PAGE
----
Omah Amarah is 84 years old. From the amount of energy which sparks up as he gets started on his story you can sense his tale comes from the heart; this is no dry text book account of history we are about to hear as we ask him about how he ended up living in a refugee camp.
(Photo: EAPPI/ Paal. A. Berg)
Omah was just 15 in 1948, the year when the state of Israel was birthed out of a war which forced 750,000 Palestinians to flee their homes. Since 1948, Omah and his family have lived as refugees, settling in Tulkarm refugee camp which at the time was on land under Jordanian control; it is now under Israeli military occupation. Unable to return to his family’s land in what then became Israel, Omah has instead spent 69 years of his life in a camp which was intended as emergency stop-gap housing that has not since been replaced or enlarged; the camp which used to serve 8, 450 refugees now accommodates 21, 000. The camp has made a permanent fixture out of their refugee status; for these people 1948 has most certainly not been forgotten.
“Where is the democracy?” Omah cries as he lifts his eyes to the sky beyond the ceiling of the living room of the UN owned house he has lived in since coming to the camp. “Europe is always talking about democracy. Where is it?” He is referring to the UN resolution 242 which states that Palestinians have the right to return to the lands which were taken from them in 1948. This reluctance to hold Israel, a member of the UN, to account for the ways it fails to uphold international law and has failed to enforce Resolution 242, is a reluctance shared by most of the international community. However, Britain has played a very particular historic role in the events which led to 1948 and to the position Omah finds himself in today.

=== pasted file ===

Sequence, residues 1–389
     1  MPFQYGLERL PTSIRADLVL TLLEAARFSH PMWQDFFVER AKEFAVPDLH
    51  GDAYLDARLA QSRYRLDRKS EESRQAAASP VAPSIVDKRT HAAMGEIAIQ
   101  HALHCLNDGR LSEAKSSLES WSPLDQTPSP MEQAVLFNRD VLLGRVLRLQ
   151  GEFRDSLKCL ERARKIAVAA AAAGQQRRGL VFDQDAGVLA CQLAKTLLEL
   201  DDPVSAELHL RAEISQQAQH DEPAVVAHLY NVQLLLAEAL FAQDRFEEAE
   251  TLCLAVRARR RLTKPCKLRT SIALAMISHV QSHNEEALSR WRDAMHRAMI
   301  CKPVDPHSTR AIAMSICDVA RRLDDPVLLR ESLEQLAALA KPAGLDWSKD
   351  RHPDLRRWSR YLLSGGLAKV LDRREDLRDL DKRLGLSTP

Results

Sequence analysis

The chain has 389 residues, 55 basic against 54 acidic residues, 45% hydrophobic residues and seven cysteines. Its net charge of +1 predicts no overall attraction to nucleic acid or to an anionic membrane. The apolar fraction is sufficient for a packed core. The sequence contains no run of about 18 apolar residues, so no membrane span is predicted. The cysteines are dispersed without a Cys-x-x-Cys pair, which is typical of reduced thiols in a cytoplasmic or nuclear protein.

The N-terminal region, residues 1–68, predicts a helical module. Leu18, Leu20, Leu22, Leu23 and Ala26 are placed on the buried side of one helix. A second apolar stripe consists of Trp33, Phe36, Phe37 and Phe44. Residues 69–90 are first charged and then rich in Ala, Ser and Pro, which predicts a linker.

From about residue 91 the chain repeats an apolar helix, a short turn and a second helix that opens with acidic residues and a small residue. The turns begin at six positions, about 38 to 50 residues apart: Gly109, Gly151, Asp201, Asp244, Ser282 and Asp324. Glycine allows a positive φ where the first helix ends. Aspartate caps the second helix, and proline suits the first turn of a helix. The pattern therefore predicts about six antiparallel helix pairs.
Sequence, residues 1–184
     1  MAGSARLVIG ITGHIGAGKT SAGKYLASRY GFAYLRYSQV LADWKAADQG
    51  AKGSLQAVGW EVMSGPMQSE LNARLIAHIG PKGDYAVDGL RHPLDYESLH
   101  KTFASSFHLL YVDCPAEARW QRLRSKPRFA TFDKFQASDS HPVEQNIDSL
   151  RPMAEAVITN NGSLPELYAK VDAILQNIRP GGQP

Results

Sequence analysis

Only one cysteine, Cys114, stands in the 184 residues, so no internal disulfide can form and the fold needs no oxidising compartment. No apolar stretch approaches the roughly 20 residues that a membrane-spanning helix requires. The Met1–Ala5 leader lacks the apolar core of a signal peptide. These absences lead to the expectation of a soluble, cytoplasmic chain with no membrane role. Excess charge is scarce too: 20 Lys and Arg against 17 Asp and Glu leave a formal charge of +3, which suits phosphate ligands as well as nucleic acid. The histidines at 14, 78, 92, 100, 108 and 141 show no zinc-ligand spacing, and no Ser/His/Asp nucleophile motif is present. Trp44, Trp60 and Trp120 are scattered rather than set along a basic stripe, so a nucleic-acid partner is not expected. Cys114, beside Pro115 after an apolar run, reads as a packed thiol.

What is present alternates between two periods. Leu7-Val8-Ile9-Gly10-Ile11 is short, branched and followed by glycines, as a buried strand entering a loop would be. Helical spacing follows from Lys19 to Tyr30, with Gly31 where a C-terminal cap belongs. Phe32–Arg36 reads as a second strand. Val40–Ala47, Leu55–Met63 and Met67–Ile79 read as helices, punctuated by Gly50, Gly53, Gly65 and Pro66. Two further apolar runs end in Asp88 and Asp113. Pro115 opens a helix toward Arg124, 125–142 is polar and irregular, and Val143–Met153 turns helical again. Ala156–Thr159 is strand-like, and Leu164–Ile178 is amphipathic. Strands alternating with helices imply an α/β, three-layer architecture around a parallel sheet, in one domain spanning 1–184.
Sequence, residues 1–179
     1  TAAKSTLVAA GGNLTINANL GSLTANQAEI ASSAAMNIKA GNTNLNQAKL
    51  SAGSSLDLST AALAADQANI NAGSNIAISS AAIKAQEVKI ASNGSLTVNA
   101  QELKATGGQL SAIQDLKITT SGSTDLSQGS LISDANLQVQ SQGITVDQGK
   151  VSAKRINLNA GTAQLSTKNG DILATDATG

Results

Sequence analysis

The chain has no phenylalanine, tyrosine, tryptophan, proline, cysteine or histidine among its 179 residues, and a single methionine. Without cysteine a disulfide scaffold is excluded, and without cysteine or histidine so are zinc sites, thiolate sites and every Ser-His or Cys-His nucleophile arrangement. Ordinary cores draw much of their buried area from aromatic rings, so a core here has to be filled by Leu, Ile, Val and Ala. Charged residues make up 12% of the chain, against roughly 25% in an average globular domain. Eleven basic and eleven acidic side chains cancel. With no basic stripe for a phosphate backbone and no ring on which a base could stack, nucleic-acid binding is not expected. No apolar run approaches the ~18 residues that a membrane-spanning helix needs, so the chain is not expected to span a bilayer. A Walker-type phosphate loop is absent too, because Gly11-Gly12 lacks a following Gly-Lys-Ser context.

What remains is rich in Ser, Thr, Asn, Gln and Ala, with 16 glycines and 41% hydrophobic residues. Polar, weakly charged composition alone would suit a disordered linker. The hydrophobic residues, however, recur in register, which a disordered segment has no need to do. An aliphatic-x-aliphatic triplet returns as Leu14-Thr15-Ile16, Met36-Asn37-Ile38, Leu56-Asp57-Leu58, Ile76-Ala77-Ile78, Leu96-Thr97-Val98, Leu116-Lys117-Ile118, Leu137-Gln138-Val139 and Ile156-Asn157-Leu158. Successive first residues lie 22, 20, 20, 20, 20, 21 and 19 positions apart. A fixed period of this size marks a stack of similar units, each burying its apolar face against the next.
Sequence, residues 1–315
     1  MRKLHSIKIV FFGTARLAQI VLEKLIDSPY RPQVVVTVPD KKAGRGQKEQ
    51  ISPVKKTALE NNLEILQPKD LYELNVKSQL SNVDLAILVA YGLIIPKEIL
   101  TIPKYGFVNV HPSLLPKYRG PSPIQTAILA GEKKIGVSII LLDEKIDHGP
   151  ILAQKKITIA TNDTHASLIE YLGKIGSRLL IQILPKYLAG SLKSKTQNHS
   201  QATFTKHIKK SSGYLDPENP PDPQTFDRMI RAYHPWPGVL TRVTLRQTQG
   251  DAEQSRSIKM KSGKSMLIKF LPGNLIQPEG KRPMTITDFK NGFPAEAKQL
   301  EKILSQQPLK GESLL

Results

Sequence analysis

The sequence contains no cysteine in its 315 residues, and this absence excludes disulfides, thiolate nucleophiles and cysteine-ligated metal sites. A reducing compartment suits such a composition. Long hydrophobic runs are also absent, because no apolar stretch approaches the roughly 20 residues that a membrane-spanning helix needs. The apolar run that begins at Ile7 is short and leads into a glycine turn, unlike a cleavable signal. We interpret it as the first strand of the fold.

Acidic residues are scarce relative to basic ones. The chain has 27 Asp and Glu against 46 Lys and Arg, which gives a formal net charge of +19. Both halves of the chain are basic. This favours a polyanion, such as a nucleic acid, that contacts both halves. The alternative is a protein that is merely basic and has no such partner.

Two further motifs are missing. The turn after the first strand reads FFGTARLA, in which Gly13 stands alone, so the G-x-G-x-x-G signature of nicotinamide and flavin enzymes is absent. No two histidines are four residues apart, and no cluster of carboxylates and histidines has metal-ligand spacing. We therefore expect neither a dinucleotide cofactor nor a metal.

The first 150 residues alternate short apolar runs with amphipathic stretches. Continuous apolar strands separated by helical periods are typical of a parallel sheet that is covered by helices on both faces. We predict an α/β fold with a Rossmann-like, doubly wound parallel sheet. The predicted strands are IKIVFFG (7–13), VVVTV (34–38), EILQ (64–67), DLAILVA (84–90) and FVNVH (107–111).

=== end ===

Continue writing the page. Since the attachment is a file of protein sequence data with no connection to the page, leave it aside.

Omah does not speak English. We are listening to his life story with the help of a translator and yet a few English phrases punctuate his Arabic. He talks of the fighting which took place between Jews and Palestinians in 1947-1948 and needs no translator to tell us he thinks many of the weapons Jews used then were “Made in England”.
In fact there are many in Palestine today who believe that the military occupation of Palestine by Israel (now well into its 50th year) is a situation “Made in England”. To whatever extent you agree with this, I know that I for one have not been able to forget the way Omah Amarah jabbed his fingers and focused his intensely animated attention on me, the only Brit in the room, at this point in his story. It’s quite hard to dispute the viewpoint of a man who has been a refugee for 69 years.